I hear what you're saying, but my point still stands -- the reviewer is clearly describing a superior product over the other, yet both products scored the same despite being geared for the same usage.
0 like dislike
frankspin

I'm not quite sure what you're trying to say here and accuse Dana of. Simply because a device may do one or two things better while being completely equal in other areas does not automatically make the device better. Additionally, devices need to be compared to direct competitors, where they sit in the market, when they released, etc etc.

Now when you look at the scores from the product database (links from TgD already posted) and hover over them you will see the following:

Better than average, but some issues still hold it back from being truly excellent.

This should give you a clearer idea of what the 81 means, and I personally think they are accurate representations of the products. Both products offer good value propositions, but each one has flaws that don't make it a better product.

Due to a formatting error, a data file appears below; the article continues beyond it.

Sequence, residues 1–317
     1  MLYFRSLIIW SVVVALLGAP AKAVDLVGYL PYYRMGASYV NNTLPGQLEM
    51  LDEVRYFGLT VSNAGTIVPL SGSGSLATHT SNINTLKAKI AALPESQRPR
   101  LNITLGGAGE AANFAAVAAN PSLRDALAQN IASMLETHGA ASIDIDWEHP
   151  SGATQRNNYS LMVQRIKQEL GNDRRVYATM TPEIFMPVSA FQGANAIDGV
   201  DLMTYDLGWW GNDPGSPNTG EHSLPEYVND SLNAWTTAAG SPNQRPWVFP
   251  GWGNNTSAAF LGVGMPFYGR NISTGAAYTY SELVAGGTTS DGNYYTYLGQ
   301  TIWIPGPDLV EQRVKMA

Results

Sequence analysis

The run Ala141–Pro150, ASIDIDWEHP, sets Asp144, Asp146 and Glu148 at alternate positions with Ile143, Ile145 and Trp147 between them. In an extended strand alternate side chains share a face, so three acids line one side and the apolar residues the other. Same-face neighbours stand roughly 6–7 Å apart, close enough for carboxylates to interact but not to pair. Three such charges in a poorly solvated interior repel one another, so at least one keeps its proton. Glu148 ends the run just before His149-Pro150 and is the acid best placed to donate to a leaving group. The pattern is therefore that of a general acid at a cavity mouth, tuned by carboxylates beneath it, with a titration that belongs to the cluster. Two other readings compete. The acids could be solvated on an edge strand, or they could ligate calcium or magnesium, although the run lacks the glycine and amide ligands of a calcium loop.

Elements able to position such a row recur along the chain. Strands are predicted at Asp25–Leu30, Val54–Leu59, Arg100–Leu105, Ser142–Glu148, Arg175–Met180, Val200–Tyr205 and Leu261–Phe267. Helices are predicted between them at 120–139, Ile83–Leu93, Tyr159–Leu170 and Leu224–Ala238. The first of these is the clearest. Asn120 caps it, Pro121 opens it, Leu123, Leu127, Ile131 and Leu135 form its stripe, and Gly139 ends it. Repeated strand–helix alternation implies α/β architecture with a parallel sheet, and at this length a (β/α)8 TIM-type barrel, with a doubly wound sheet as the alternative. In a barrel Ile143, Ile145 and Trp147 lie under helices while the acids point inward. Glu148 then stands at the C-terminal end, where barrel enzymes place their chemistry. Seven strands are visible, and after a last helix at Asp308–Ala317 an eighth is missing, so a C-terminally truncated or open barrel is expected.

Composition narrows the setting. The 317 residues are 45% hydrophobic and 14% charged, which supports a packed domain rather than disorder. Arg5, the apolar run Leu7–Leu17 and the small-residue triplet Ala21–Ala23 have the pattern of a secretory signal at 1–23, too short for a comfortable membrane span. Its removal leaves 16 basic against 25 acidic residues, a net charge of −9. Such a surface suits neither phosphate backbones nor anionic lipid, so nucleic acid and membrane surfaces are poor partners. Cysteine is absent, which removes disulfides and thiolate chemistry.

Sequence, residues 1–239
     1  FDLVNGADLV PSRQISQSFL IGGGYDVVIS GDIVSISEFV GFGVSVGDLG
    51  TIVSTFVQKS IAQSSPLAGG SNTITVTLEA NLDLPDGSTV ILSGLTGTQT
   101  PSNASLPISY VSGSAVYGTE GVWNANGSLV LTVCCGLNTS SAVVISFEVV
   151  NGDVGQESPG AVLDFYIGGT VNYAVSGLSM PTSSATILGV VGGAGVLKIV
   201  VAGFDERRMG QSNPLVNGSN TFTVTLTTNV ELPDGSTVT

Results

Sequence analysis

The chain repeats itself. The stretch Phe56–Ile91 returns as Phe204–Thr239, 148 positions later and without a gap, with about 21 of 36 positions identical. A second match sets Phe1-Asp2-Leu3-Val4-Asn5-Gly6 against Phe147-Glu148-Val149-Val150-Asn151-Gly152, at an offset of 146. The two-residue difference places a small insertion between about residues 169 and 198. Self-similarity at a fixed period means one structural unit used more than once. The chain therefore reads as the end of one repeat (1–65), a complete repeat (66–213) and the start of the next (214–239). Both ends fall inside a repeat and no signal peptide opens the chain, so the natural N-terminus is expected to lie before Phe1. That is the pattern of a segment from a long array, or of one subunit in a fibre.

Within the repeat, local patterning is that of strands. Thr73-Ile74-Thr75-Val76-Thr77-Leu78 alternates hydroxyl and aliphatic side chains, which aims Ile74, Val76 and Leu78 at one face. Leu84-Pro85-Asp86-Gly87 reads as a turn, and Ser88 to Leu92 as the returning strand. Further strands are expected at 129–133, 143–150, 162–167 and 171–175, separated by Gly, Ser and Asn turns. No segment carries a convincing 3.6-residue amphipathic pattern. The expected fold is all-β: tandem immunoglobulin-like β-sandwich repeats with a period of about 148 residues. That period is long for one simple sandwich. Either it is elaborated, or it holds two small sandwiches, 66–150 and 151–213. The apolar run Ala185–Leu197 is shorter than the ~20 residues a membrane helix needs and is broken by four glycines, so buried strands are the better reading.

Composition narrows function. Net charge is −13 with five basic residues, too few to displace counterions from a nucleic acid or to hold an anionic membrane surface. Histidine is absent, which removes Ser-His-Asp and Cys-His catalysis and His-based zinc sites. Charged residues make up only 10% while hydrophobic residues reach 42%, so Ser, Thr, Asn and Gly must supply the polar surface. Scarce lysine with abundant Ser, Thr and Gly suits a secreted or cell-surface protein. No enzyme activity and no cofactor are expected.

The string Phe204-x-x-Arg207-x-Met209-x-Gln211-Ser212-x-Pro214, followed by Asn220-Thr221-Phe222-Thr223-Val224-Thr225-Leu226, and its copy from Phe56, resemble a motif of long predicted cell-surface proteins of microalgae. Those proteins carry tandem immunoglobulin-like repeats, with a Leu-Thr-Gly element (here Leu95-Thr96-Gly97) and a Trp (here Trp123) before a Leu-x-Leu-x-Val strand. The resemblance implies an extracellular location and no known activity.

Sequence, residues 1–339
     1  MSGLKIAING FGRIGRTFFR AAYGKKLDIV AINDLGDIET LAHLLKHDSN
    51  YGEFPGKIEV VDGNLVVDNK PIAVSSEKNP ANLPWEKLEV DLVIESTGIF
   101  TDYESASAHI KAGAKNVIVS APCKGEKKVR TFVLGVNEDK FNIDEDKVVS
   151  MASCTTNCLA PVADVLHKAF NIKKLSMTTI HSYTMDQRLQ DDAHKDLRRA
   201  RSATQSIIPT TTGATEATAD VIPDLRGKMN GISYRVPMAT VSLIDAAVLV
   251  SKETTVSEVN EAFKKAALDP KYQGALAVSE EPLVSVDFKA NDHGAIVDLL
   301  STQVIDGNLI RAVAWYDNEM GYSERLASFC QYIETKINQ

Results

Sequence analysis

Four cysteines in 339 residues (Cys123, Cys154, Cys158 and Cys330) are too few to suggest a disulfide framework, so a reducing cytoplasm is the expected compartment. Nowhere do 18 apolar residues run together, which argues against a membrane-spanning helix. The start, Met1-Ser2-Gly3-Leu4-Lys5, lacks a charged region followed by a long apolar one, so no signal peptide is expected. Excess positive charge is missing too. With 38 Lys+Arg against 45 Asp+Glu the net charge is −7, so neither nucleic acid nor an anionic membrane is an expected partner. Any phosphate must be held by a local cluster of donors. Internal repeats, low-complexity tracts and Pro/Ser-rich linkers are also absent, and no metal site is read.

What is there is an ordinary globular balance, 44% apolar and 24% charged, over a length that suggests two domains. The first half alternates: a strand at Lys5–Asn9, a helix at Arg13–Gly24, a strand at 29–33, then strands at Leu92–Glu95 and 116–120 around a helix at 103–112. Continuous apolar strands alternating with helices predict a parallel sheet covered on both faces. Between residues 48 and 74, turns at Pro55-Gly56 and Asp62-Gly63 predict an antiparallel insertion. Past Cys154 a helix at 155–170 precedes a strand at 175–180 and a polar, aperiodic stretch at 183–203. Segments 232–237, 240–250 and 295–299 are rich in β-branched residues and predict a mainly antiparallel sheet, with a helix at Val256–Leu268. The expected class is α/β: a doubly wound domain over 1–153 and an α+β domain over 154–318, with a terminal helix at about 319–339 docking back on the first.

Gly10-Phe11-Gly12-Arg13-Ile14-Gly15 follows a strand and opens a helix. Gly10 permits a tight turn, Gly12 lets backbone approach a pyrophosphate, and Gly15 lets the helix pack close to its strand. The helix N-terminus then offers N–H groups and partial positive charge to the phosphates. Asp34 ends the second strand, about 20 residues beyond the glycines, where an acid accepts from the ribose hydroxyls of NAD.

0 like dislike
ice9

Let's speak specifically, instead of generically.

The T100 and C720 are direct competitors -- they both target the same market in light computing needs.

Both cost $350.

One has a better form factor, better display, better keyboard, significantly longer battery life and can run more programs (and offline too).

Should they both get the same score?
0 like dislike
frankspin

Looking at the exact quotes you pulled, neither one is better than the other. Both are cheap, both have display issues, both keyboards are knocked for issues and both have issues with design.